Heart rate as a measure of exercise intensity/capacity
in patients taking cardiovascular drugs.
by Gavin Curry
Exercise and cardiovascular drugs such as beta-Blockers have
differing effects on cardiac output and heart rate. Cardiovascular
drugs such as beta-blockers can cause a reduction in heart
rate of around 20-30% (Easton and Thompson, 1977). This can
have an impact on an individual’s ability to perform
without becoming fatigued at higher exercise intensities.
Beta-Blocking drugs cause a decrease in HR and cardiac output
at rest and during exercise, a decrease in myocardial contractility
and a decrease in coronary and muscle blood flow (Easton and
Connoly, 1996). Subsequently patients using heart rate as
the determining factor for exercise intensity could be in
danger as they are exercising beyond their capabilities. This
is because their heart rate will not go above a specific level
because of the cardiovascular drugs affects limiting on stroke
volume and heart rate.
Other methods, such as the Borg rating of perceived exertion or
the Karvonen formula, are used to measure exercise intensity. These
are effective as they do not rely on the subjects exercising heart
rate directly as a measure of exercise intensity.
The Borg rate of perceived exertion works on a scale from 1-10
or 6-20 with the higher numbers representing close to exhaustion.
Although this is a subjective measure, a person's exertion rating
may provide a fairly good estimate of the actual heart rate during
physical activity (Borg, 1998). This study also found a high correlation
between 10 times the rate of perceived exertion and estimating the
actual heart rate.
The Karvonen formula is used to derive the ideal exercise training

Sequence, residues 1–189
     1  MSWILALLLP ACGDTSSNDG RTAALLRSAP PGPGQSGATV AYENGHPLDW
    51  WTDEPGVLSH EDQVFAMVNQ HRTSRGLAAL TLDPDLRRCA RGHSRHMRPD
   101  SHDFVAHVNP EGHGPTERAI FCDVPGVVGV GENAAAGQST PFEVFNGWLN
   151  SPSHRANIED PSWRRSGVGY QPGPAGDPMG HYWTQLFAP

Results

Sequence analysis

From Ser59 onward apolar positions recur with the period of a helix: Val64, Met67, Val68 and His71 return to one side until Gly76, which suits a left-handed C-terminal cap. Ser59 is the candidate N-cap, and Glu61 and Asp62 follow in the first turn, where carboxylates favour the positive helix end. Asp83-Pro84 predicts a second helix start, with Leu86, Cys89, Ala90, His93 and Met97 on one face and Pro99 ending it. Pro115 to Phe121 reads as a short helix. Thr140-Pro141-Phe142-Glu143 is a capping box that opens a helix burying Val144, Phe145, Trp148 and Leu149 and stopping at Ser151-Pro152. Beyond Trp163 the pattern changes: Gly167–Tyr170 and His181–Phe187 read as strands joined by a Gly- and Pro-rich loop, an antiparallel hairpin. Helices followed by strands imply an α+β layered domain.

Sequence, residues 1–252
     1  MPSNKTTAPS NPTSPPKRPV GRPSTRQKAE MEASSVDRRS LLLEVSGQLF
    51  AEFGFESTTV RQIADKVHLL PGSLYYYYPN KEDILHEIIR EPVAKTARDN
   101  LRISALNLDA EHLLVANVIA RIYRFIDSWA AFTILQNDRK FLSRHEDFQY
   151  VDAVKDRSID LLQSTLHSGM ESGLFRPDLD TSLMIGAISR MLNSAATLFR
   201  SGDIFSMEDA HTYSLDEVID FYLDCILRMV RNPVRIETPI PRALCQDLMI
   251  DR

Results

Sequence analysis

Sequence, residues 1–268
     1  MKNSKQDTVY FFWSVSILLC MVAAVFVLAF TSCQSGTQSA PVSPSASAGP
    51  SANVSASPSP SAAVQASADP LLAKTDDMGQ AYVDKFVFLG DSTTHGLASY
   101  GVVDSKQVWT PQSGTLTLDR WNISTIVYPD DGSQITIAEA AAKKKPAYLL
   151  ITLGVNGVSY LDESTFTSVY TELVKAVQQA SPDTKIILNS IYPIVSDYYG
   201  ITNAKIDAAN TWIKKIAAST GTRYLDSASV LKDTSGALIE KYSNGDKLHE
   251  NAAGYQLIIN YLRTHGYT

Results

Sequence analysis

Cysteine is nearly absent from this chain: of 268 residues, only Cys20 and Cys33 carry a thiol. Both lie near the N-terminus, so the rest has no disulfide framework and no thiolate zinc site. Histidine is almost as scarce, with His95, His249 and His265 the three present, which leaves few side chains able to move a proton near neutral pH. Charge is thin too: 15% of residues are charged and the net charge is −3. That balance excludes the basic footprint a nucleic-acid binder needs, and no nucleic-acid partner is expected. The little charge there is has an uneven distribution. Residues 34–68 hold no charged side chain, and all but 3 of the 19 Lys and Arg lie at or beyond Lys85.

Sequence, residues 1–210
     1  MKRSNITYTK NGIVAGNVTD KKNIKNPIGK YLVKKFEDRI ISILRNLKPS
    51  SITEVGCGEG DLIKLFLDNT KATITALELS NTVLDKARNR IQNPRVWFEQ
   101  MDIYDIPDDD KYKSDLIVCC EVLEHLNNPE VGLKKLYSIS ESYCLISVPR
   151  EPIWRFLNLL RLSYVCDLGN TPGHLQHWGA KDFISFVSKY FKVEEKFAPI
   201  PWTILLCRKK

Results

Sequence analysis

zone through a formula that helps to determine target heart rate
zone from the resting heart rate(karvonen et al., 1957). This formula
can be used as a method of projecting the target heart rate, again
the disadvantage of this technique is that beta-Blockers can inhibit
the heart rate so much that it would be impossible to for subjects
to get their heart rate within the target area (Martin et al., 1989).
The problem with taking cardioselective beta-Blockers such as atenolol,
which act solely on the cardiovascular system, is that they suppress
the maximum heart rate more than non-cardioselective drugs, although
all beta-blockers reduce maximum heart rate to some extent (Head,
To conclude, using a rate of perceived exertion would be more beneficial
for determining an ideal exercise training zone rather than using
heart rate. This is because it takes into account the effects of
cardiovascular drugs on the lowering of heart rate. This would therefore
be a lot safer and ensure the subject is exercising at a level they
feel comfortable with.
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